Take the 2-minute tour ×
Stack Overflow is a question and answer site for professional and enthusiast programmers. It's 100% free, no registration required.

I have a MVC website that uses ACS as an authentication provider. The authentication process works well. I want to call a WCF service that requires authentication and I want to pass an RST token but I don't know how to create it

share|improve this question

1 Answer 1

The key question is what identity is the WCF service expecting. If you can use an identity for the entire MVC site (a.k.a. "Trusted Subsystem"), then it is business as usual: you would need to get a token from an identity provider that the WCF trusts and that's it. ACS could be one, but it could be something entirely different too. It really depends on who owns the WCF service.

If, on the other hand, you want to flow to the WCF service the original user identity (that is the caller of the MVC site), then you are in a delegation scenario. This is possible, but it's often complex. Search for "Act As" (here's an article that talks a little bit about it: http://msdn.microsoft.com/en-us/library/ee517268.aspx).

In a nutshell, the MVC app would request a new token to the STS using as input the original token the user submited, with a special condition (the "Act As"). This condition signals the STS of the delegation.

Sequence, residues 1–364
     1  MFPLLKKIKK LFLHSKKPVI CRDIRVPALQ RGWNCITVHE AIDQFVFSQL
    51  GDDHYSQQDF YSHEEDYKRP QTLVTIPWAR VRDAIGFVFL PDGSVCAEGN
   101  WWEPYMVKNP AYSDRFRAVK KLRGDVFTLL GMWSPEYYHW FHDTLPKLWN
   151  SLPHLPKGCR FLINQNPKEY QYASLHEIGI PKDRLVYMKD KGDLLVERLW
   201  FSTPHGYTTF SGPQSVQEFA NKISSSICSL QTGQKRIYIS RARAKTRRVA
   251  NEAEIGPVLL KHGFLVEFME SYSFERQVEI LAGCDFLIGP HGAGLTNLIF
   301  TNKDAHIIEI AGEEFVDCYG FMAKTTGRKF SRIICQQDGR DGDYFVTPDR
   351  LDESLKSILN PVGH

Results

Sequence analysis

As I said, this is a farily complex setup. Also (last I heard) ACS doesn't support "Act As" requests.

share|improve this answer
    
That's correct, ACS does not do ActAs. It sounds like the WCF service is a trusted subsystem, and if you call the WCF service in the context of your user's identity then you might try reusing the token from your MVC app (setting saveBootstrapToken true in web.config). If the service doesn't care which user is calling it then you might consider obtaining a new token from ACS using a service identity. –  Andrew Lavers Jun 22 '12 at 14:05

Your Answer

 
discard

By posting your answer, you agree to the privacy policy and terms of service.

Not the answer you're looking for? Browse other questions tagged or ask your own question.